Just as with “staycations,” clubs may be in one of the best positions to try to capitalize on the trend for combining business and leisure, if it does indeed take hold.
A growing trend to watch, according to Stephanie Diamond, the Vice President of Human Capital Management for Global Rescue, a provider of medical, security, evacuation and travel risk-management services, is “bleisure.”
“Bleisure,” Diamond helpfully explains, is a “portmanteau”—the process of blending two words to create a new term, such as when smog was coined by combining smoke and fog, or motel by combining motor and hotel.
In this case, the combination (some might say butchering) is of “business” and “leisure.” And the term describes what Diamond thinks will become more commonplace and emerge as a “silver lining” as the pandemic eases.
“Bleisure travel—tacking leisure days onto a work-related trip—is not new,” Diamond says. But it is likely to become a more prevalent practice, she believes, as business travel returns.
And that will become the case, she adds, as it becomes more apparent that:
• Virtual meetings can’t replace the value of face-to-face meetings.
• Personal interaction will always be more effective at establishing and maintaining relationships, fostering trust and driving business growth.
So how does this relate and apply to the club business? Just as with “staycations” (another tortured term), clubs may be in one of the best positions to try to capitalize on the trend, if it does indeed take hold. Because clubs by their nature certainly offer the best environments for effective personal interaction in an enjoyable and memorable setting.
Think about it: A lot of your members are now at your club more because they’re working from home more and using the time they’re saving, by not commuting or traveling themselves, to be able to be at your property. But many of them still have to conduct business, and a lot are probably coming to realize themselves that Zooming and e-mailing can only go so far and may be jeopardizing important personal connections with their customers and associates.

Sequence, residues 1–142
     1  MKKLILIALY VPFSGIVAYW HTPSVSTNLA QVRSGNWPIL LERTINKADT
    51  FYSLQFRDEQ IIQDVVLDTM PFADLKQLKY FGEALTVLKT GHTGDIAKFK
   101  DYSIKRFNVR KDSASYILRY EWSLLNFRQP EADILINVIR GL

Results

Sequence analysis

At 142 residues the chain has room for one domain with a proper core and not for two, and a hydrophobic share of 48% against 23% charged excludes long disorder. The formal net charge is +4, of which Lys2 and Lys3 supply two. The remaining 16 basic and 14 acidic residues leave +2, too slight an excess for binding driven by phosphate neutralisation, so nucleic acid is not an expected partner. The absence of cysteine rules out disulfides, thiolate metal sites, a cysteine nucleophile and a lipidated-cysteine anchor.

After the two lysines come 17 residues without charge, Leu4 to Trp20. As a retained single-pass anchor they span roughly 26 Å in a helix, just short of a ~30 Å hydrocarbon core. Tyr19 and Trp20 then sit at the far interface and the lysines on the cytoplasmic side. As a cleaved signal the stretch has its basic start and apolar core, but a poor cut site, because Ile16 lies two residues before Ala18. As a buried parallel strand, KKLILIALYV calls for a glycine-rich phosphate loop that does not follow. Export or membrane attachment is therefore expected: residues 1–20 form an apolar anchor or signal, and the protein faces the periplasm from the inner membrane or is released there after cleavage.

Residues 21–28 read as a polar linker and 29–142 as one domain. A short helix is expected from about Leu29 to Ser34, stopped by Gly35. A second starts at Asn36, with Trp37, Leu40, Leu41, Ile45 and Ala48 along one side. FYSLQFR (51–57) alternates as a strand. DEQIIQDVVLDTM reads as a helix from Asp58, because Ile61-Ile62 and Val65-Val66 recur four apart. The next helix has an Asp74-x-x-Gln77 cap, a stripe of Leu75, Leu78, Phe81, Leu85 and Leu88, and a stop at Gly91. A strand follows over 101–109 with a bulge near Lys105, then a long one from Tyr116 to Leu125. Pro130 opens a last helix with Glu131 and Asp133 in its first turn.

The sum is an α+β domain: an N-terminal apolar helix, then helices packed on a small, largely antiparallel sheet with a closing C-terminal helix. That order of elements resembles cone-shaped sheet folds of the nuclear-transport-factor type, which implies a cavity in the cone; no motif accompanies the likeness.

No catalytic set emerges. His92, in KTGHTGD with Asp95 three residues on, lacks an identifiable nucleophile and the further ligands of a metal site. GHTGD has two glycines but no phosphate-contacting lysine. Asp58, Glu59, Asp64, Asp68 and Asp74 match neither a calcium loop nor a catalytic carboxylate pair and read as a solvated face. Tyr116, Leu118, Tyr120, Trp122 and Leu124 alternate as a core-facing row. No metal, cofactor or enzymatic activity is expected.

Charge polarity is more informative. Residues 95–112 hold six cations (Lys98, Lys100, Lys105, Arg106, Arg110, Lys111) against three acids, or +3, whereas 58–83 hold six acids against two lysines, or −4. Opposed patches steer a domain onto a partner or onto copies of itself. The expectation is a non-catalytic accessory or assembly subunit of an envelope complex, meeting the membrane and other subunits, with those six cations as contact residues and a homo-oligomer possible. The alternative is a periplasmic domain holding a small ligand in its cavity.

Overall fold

Why not promote having the club serve as an ideal “bleisure” location? Offer packages where members can invite a client, or clients, to come for an extended combination of meetings and recreational/social activities.
If you have lodging facilities you’re trying to fill (and that are staying emptier these days because travel is down), this can really have great appeal. But even if you don’t, everything else on your property still beats what’s available in offices or hotels. And it could all be enough to help your members attract the attention of, and land attendance with, key contacts they might otherwise be losing touch with.
Diamond notes that the “bleisure” concept was “particular popular prior to the pandemic with the younger generation and those in the tech industry.” And now it is “increasingly becoming mainstream and spreading to creatives and consultants, and now more corporate types with families,” she adds. All of these are high-target demographics right now for just about every club I talk with.
So while the term is pretty forced, maybe it’s worth exploring how the concept could be put to good use in a club setting.
Let’s just hope it doesn’t also prompt the creation of a “bleisure” suit.
Joe Barks, Editor